Stingy Selections
 Frugal Funds
 Graham Revisited
 Just Spend It
 Ticker Temptation
 Stock Mortality
 Focus on Fees
 SPPs for the Long Term
 Seeking Solid Stocks
 Relative Strength
 The VR Approach
 The Irrational Investor
 Value Investing

Old MS Articles
 Cdn Top 200 2018
 Cdn Top 200 2017
 Cdn Top 200 2016
 Cdn Top 200 2015
 Cdn Top 200 2014
 Cdn Top 200 2013
 Cdn Top 200 2012
 Cdn Top 200 2011
 Cdn Top 200 2010
 Cdn Top 200 2009
 Cdn Top 200 2008
 Cdn Top 200 2007
 Cdn Top 200 2006
 Cdn Top 200 2005
 US Top 500 2018
 US Top 500 2017
 US Top 500 2016
 US Top 500 2015
 US Top 500 2014
 US Top 500 2013
 US Top 500 2012
 US Top 500 2011
 US Top 500 2010
 US Top 500 2009
 US Top 500 2008
 US Top 500 2007
 US Top 1000 2006
 Dividends 100 2017
 Dividends 100 2016
 Retirement 100 2015
 Retirement 100 2014
 Retirement 100 2013
 Retirement 100 2012
 Retirement 100 2011
 Retirement 100 2010
 Income 100 2009
 Income 100 2008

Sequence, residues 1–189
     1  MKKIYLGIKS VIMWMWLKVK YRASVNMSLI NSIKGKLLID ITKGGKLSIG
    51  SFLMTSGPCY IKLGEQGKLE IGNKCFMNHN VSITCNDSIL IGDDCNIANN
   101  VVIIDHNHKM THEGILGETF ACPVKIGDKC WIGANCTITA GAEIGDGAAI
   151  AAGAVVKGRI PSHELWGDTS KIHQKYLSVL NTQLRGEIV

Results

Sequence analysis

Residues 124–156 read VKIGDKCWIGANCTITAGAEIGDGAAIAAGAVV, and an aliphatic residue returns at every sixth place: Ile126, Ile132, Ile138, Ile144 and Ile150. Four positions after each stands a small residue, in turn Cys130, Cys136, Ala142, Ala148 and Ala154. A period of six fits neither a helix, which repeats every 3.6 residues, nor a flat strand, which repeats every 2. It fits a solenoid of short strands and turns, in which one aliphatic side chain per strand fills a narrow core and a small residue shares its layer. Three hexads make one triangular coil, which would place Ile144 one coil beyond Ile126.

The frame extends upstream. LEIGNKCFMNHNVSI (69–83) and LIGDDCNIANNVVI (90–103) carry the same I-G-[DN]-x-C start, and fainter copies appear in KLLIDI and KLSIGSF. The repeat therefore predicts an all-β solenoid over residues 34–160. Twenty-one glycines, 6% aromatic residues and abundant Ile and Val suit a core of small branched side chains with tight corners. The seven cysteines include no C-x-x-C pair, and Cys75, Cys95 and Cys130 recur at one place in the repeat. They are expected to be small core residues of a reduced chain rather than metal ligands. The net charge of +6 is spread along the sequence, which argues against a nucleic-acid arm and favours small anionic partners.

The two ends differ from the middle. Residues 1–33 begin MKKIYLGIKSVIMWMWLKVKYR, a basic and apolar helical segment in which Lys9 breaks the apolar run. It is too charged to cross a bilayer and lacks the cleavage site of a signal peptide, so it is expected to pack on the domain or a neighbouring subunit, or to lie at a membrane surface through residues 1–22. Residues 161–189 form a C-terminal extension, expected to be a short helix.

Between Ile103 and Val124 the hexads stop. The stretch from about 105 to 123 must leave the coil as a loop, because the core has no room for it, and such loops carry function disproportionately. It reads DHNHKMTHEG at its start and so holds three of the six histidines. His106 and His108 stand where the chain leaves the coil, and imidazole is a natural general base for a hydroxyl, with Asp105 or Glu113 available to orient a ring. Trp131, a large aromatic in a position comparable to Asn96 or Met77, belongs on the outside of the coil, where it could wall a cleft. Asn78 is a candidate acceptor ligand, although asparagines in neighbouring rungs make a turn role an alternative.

Income 100 2007
 Top Trusts 2006
 Top Trusts 2005
 Hot Potato
 Buffett Buys
 Stocks that pay
 Value in the S&P500
 Where to invest $100k
 Where to invest $10k
 Summer Simple Way
 A crystal ball for stocks?
 Cheap & safe
 Risky business
 Dividend investing
 Value investing
 Momentum investing
 Low P/E P/B
 Dividend growers
 Graham's prescription
 The case for optimism
 Wicked investments
 Simply spectacular
 Small stocks, big profits
 Value that sizzles
 So simple it works
 No assembly required
 Investing by the book
 Invest like the masters
 A simple way to get rich
 Stocks for cannibals
 Car bites dogs
 So easy, so profitable
 Dogs of the Dow
 Money for nothing
 Yield of dreams
 Return of the master

Advisor's Edge Articles
 Passive Rebundling
 Doing the math

Flip Books

About Us | Legal | Contact Us
Disclaimers: Consult with a qualified investment adviser before trading. Past performance is a poor indicator of future performance. The information on this site, and in its related newsletters, is not intended to be, nor does it constitute, financial advice or recommendations. The information on this site is in no way guaranteed for completeness, accuracy or in any other way. More...